Ogidi Center

Have you ever wondered what life is like in an African village? Ogidi, Nike’s home town nestled among the spectacular rock out croppings of Kogi State, has a population of about 3000. Climb these hills to get a panorama of rain forest farms and towns. You observe the process of Yoruba textile production, from the cotton grown on small farms in Ogidi through the spinners, weavers and dyers in the women’s cooperative that Nike developed. In the evenings the local dance troop entertains you with traditional music and dance, or maybe you’ll be treated to a few scenes from the traveling theater that was a feature of Yoruba life in the 40s and 50s. Chat with local residents, as they practice their English and teach you their own language. Ask the elders to recount the history of their village to you. Visit the remains of the British garrison that was stationed there in the late 19th century, or explore the ruins of the village on a nearby mountain where Ogidi was originally sited.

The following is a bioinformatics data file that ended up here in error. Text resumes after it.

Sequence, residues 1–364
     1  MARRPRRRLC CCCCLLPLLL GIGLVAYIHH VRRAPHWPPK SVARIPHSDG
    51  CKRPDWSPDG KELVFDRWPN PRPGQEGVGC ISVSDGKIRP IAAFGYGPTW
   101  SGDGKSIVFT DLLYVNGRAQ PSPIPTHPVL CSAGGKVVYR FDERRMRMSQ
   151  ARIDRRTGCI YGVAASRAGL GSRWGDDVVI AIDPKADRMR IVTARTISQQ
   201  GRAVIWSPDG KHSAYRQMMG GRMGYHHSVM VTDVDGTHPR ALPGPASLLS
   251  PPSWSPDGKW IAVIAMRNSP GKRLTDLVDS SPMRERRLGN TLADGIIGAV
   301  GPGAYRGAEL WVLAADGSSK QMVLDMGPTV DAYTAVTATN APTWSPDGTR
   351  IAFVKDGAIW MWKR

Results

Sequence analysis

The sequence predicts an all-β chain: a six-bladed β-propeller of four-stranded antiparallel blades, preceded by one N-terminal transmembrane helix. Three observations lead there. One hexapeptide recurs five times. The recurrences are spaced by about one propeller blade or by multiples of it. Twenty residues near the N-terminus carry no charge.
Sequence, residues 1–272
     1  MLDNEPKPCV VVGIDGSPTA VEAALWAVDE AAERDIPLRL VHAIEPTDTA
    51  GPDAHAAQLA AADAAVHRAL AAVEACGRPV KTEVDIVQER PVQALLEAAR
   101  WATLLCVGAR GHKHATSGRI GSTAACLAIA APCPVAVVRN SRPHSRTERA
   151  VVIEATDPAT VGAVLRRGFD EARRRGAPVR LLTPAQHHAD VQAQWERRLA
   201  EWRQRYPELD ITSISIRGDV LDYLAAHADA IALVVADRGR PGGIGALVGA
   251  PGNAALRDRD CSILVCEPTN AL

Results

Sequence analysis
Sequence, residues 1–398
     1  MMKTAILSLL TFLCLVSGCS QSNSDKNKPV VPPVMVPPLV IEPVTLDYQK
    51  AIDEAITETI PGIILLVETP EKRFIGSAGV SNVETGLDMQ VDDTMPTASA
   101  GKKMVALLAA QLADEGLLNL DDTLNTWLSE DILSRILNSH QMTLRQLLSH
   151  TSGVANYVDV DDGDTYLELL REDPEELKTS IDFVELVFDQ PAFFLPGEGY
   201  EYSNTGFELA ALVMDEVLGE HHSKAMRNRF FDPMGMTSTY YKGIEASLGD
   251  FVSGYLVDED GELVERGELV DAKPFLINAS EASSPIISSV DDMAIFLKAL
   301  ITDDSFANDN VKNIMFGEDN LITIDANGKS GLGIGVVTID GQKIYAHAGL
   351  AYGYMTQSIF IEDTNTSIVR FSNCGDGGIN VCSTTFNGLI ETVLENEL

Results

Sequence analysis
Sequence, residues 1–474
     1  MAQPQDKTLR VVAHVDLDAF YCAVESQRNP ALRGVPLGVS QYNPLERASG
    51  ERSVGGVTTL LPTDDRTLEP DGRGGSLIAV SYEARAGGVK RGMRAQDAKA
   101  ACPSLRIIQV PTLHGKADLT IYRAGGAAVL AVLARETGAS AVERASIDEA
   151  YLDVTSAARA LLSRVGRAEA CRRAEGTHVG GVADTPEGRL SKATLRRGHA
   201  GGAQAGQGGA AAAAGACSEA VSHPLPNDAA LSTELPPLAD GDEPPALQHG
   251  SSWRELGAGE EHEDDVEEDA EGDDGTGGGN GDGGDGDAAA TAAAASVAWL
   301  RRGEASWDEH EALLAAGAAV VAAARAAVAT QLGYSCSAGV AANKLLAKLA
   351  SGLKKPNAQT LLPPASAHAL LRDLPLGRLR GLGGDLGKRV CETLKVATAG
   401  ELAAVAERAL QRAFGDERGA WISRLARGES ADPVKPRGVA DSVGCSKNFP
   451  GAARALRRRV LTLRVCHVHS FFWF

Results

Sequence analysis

You might want to take a day to visit Lokoja, located 45 miles away at the confluence of the Niger and Benue Rivers. Now a busy market town and the capital of Kogi State, Lokoja was the site of the first capital of Nigeria when the British amalgamated the colony of Lagos, the Oil Rivers Protectorate, and the Northern Territories. It was in Lokoja, while gazing out at the river that stretched before her, that Lord Lugard’s mistress coined the name “Nigeria.” The explorer Mungo Park is buried in Lokoja, as is Lord Lugard.

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